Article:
Join Date: Jan 2005
Location: Delaware, The First State
Posts: 13,928
Webster Pump

Websters don't have strainers. They have blades which are supposed to chop up particles so they will pass thru the nozzle, yeah right . I'd suggest replacing the pump with a Suntec A1YA-7912 (presuming right hand rotation as viewed from the shaft end).
Patriot Supply - A1YA-7912

Webster makes some very good commercial pumps but their residential stuff leaves something to be desired. I suspect that piece of plastic used to be a 'pillow' used to quiet the pump. Websters can be noisy.

In case I don't hear from you before, have a Merry Christmas.
 
  #55  
Old 12-12-09, 10:06 PM
TtTankEngine's Avatar
Member
Thread Starter
Join Date: May 2009
Location: State of confusion
Posts: 76
An Update

Thanks Grady:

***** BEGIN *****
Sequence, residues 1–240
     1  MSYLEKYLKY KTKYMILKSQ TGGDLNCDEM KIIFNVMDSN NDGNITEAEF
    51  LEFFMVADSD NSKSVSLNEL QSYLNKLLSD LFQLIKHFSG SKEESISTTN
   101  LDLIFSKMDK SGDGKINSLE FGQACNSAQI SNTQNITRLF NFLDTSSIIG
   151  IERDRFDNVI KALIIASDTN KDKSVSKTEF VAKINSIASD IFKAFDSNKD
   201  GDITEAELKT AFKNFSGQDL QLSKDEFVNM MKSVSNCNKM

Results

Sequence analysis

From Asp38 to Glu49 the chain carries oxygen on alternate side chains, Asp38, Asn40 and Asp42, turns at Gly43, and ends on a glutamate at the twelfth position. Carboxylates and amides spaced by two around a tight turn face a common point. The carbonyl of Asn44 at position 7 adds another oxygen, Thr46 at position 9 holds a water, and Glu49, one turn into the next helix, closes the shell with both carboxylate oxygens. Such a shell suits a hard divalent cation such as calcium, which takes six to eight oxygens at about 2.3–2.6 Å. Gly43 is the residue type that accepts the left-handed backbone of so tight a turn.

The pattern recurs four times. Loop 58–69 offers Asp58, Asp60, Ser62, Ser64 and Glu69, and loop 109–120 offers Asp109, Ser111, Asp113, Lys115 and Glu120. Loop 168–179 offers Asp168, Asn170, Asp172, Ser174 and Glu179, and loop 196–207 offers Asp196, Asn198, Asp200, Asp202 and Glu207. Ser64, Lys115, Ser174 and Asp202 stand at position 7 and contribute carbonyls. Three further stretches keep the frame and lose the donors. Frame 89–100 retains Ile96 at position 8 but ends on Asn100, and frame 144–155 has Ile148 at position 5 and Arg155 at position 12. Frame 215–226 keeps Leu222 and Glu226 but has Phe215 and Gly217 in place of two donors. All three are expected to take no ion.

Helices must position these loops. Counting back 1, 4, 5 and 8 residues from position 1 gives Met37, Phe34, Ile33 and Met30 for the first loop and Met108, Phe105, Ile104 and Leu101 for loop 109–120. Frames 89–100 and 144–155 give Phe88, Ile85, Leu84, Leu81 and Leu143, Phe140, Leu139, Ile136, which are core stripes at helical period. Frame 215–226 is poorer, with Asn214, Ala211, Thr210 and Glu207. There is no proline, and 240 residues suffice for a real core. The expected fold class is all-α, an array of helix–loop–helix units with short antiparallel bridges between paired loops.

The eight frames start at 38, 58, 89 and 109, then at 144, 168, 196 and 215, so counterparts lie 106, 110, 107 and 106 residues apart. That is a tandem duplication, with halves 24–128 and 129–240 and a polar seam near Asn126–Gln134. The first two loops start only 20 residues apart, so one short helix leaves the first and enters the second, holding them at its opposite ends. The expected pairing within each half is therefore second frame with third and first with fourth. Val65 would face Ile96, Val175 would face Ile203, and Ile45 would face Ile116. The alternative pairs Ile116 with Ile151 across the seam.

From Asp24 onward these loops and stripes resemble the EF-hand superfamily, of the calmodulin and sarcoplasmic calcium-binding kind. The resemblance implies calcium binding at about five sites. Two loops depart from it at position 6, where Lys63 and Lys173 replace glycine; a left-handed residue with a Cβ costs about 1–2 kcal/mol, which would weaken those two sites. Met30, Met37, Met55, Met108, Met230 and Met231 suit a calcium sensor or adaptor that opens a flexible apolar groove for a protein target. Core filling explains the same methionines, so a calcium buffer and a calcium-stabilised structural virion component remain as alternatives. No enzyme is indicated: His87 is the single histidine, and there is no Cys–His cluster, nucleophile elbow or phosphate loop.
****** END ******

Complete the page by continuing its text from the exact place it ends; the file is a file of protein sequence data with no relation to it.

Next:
Let me start from the beginning so you'll know what I have been doing and why it has taken me so long. Before I even started the furnace I drilled a hole in the flue between the breech and damper. I guess nobody has ever tuned-up this furnace either. I tried to open the one clean-out port that I could get to on the heat exchanger, but when the bolt and nut started turning together I knew I'd be screwed if I snapped it off, so - after many attempts using many methods - I left well enough alone. When I opened the secondary air/inspection port I found a dead bird. Since this is a hi-boy and the flue only runs about two feet horizontally before going straight up, I removed the damper and pulled out maybe a cup of soot. I didn't see any visible signs of "crud" coming up to the flue like I did on the other furnace, so I'm slightly optimistic (famous last words). When I started the furnace this is what happened: delayed ignition, followed by an alarming "poof" of smoke, poor flame, and one to two minutes of run time before the controller clicked the reset button to off. There was also a small fire in the chamber that lasted for several minutes. When I was able to put an inspection mirror in I found several very tiny bones. Another poor bird decision. Since then I have done what I normally do before starting the furnace: check/replace fuel filter, nozzle, insulators, adjust electrode gap ... etc. The results remain more or less the same. I did manage to get a little above 0.15" of draft out of the flue.